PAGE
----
Kumar Rana Vs. Surinder Singh & Ors  INSC 823 (6 May 2008)
S.B. Sinha & Lokeshwar Singh Panta
REPORTABLE CIVIL APPEAL NO. 3321 OF 2008 [Arising out of SLP (Civil) No.
8262 of 2007] S.B. SINHA, J :
1. Leave granted.
2. Appellant was driving a two-wheeler bearing registration No. DL-45 AQ
0731 on 30.10.2003. He was aged about 17 = years. He met with an accident, as
allegedly respondent No.1 was driving a mini-truck rashly and negligently. He
suffered the following injuries in the said accident:
"1. Crush injury over right root.
2. Fracture fifth M.T. bone and joint.
3. Fracture P.P. little toe. (Total 3 fractures)
4. Abrasions over left side trunk, right-foot, right-leg, right-hand and
left-knee 5. Profusely Bleeding.
6. Abrasions and blunt injuries all over body."
3. Appellant filed a claim petition under Section 166 of the Motor Vehicles
Act, 1988 (for short "the Act"). The Tribunal opined that as the
appellant did not possess a driving licence, he must be held to have
contributed to the accident. Although a sum of Rs. 30,000/- was awarded by way
of compensation, in view of the finding that he was guilty of contributory
negligence on his part, found to be entitled to a sum of Rs.
12,000/- only. The High Court by reason of the impugned judgment has
dismissed the appeal preferred by him under Section 173 of the Act.
4. The question which arises for consideration is as to whether the
appellant can be said to have guilty of contributory negligence.
Ordinarily, the doctrine of contributory negligence is not applicable in
case of children with the same force as in the case of adults.
5. We do not intend to lay down a law that a child can never be guilty of
contributory negligence but ordinarily the same is a question of fact. [See
Muthuswamy and another v. S.A.R. Annamalai and others [1990 ACJ 974]
6. A contributory negligence may be defined as negligence in not avoiding
the consequences arising from the negligence of some other person, when means
and opportunity are afforded to do so. The question of contributory negligence
would arise only when both parties are found to be negligent.
7. The question is, negligence for what? If the complainant must be guilty
of an act or omission which materially contributed to the accident and resulted
in injury and damage, the concept of contributory negligence would apply. [See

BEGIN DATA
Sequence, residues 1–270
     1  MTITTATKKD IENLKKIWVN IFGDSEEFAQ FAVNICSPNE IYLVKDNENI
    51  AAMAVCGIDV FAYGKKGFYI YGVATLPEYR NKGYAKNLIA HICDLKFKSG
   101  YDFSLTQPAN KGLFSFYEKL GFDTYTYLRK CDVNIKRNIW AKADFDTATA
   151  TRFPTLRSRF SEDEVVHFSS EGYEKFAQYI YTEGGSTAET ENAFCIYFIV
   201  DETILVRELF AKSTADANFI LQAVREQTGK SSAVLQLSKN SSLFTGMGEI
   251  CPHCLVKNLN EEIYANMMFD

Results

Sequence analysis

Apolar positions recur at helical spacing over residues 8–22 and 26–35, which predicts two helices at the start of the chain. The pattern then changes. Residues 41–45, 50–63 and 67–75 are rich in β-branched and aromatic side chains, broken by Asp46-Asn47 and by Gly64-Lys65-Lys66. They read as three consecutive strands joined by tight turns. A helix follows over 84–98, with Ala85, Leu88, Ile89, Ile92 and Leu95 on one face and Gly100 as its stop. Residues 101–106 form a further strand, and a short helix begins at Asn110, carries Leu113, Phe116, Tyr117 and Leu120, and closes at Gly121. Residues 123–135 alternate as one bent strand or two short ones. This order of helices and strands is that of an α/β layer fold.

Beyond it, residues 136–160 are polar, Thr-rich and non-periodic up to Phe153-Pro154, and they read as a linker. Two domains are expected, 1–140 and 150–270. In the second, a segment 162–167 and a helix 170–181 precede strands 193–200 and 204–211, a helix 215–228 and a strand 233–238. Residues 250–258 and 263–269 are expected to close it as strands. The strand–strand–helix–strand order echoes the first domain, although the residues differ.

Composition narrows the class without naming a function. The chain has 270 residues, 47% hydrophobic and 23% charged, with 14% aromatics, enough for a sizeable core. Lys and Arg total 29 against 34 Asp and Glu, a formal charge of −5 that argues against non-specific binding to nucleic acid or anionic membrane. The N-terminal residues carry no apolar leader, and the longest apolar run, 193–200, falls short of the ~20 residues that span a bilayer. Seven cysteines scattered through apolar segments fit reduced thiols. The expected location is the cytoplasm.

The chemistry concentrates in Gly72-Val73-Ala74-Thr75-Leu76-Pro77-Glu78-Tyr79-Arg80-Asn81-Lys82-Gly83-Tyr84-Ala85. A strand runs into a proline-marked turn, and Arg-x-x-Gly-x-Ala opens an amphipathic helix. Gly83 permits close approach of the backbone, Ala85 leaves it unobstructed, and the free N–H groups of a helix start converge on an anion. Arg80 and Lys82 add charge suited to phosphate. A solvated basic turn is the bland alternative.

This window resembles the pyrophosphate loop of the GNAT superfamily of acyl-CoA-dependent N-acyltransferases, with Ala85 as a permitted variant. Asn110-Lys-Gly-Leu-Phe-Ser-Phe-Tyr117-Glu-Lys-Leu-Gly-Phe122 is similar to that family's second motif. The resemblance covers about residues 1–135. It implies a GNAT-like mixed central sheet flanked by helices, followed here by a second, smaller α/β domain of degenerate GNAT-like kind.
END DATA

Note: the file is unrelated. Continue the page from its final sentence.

New India Assurance Company Ltd. v. Avinash 1988 ACJ 322 (Raj.)] In T.O.
Anthony v. Kavarnan & Ors. [(2008) 3 SCC 748, it was held "6.
'Composite negligence' refers to the negligence on the part of two or more
persons. Where a person is injured as a result of negligence on the part of two
or more wrong doers, it is said that the person was injured on account of the
composite negligence of those wrong-doers. In such a case, each wrong doer, is
jointly and severally liable to the injured for payment of the entire damages
and the injured person has the choice of proceeding against all or any of them.
In such a case, the injured need not establish the extent of responsibility of
each wrong-doer separately, nor is it necessary for the court to determine the
extent of liability of each wrong-doer separately. On the other hand where a
person suffers injury, partly due to the negligence on the part of another
person or persons, and partly as a result of his own negligence, then the
negligence of the part of the injured which contributed to the accident is
referred to as his contributory negligence. Where the injured is guilty of some
negligence, his claim for damages is not defeated merely by reason of the
negligence on his part but the damages recoverable by him in respect of the
injuries stands reduced in proportion to his contributory negligence.
7. Therefore, when two vehicles are involved in an accident, and one of the
drivers claims compensation from the other driver alleging negligence, and the
other driver denies negligence or claims that the injured claimant himself was
negligent, then it becomes necessary to consider whether the injured claimant
was negligent and if so, whether he was solely or partly responsible for the
accident and the extent of his responsibility, that is his contributory
negligence. Therefore where the injured is himself partly liable, the principle
of 'composite negligence' will not apply nor can there be an automatic
inference that the negligence was 50:50 as has been assumed in this case. The
Tribunal ought to have examined the extent of contributory negligence of the
appellant and thereby avoided confusion between composite negligence and
contributory negligence. The High Court has failed to correct the said
8. If a person drives a vehicle without a licence, he commits an offence.
The same, by itself, in our opinion, may not lead to a finding of negligence
as regards the accident. It has been held by the courts below that it was the
driver of the mini-truck which was being driven rashly and negligently. It is
one thing to say that the appellant was not possessing any licence but no
finding of fact has been arrived at that he was driving the two-wheeler rashly
and negligently. If he was not driving rashly and negligently which contributed
to the accident, we fail to see as to how, only because he was not having a
licence, he would be held to be guilty of contributory negligence.
9. The matter might have been different if by reason of his rash and
negligent driving, the accident had taken place.
10. We, therefore, are of the opinion that the impugned judgment cannot be
sustained which is set aside accordingly. Appellant is entitled to the said sum
of Rs. 30,000/- by way of compensation with interest at the rate of 7=% per
annum from the date of the award till making of the payment. Even otherwise
there is no reason as to why in view of the nature of the injuries he has
suffered, he should be deprived of even the petty sum of Rs.30,000/- by way of
compensation. The appeal is allowed with the aforementioned direction. No